I think there is one thing we can all agree on and that is that this has been an incredibly complex year for teaching. We have all had to adjust our pedagogies to make the semester as positive and educational as possible. It has been a time where being present for the students is extremely important.
As soon as we were told to go home, we exchanged numbers and I created WhatsApp groups for my students. I had originally thought this could not be real. I’ll see you in a week. It was real and affected our students in ways that are incomprehensible. The WhatsApp group kept our sense of community alive. In my particular pedagogy, we as a class get to know each other. I rely heavily on care and connection.
During the pandemic, I managed to continue research with the CRSP research students as well as serve as a mentor to two student clubs. In general, this fits perfectly into my teaching style. I believe, as seen in my office at any given moment, that connection is the most important way to engage your students.
In this particular pedagogy, it is also important to show genuine care and concern for your students. During the pandemic, I taught mostly gateway courses, which the students need to enter into rigorous math, engineering, science, or medical degrees. These courses are foundations for all the courses that follow.
In this pandemic learning process, I learned probably as much, if not more, than my students. I learned how to do so many technical things as well as decipher what worked and what did not work. I immediately started teaching with Zoom as Blackboard Collaborate was not working well for me. I realized that all students could not make class time because their living and daily schedules had also changed. At that moment we as professors do what we do best: adapt. I decided to record my classes so those who couldn’t attend could review them later, or so those who needed extra help at difficult hours could use them as tutorials. The first semester I didn’t really know how to share the videos, so each time my Zoom video is finished, I would send it to the students. During the summer semester, I figured you could post them via a Dropbox or Google Docs on Blackboard. It wasn’t until this fall semester that I realized you could post them directly onto Blackboard and that you could even post them in their own folder and that would be much easier for the students to navigate. The organization of Blackboard was difficult for me because I’m the type of professor that picks up from where the students and I left off. I’d like to not move too fast or too slow and work at the pace the students are comfortable with and we always manage to cover the entire course.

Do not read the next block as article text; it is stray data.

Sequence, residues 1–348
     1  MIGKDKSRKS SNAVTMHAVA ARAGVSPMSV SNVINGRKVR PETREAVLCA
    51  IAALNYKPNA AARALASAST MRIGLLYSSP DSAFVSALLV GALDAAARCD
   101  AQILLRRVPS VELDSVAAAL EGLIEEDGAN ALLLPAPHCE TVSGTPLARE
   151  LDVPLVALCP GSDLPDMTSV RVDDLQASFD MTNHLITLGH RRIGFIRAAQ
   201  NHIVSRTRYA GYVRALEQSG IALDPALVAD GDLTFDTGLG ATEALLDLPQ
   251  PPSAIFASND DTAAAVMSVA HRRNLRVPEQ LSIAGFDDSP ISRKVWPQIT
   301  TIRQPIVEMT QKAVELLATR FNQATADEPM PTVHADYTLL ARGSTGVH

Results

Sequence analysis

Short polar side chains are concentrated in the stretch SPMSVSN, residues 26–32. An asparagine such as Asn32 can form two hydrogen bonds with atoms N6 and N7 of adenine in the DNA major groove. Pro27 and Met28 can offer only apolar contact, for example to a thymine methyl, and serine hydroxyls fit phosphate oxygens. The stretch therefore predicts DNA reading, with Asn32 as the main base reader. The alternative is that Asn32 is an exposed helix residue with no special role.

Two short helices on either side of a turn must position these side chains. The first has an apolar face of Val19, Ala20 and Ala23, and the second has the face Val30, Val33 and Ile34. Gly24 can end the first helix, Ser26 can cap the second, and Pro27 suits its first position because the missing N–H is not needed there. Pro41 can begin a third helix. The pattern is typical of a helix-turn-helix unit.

My classroom is one of respect and nurturing, and in this environment, the students not only blossom but they work well together. The idea of care extends to group work and helping one another achieve. There were times I had wished I had created more personal boundaries. For instance, I had students texting me at 11 on Saturday night and 8 on Sunday morning.
While there are more technical ways of describing how to teach with care, the bottom line in my classroom is building trust. Trust to try something that in a more intimidating environment wouldn’t be inviting. Math is tough and we have made it acceptable to be timid in a math class and not trust your abilities. It is the ability to take challenges and with that grow the confidence to succeed. If you can make someone who doesn’t like to read an avid reader or someone who started in developmental math a math major then your teaching style is working.
While I made lemonade with the sour lemons of this year, and we managed to achieve high retention rates, I am wholeheartedly looking to return to being in the classroom.
Lauren Wolf is an Assistant Professor in the Mathematics Department of Hostos. She received her Ph.D. in 2013 from University of Albany where she studied the non existence of eigenvalues in the essential spectrum of Toeplitz Operators. She loves teaching and embraces every aspect as she has six research students every semester. Her student research combines mathematics and social justice. She has eighteen years teaching, seven of those years she taught in medium and maximum security prisons. Professor Wolf is the advisor to two student clubs maths club and reimagining justice. The clubs do several events every semester and the student are actively involved.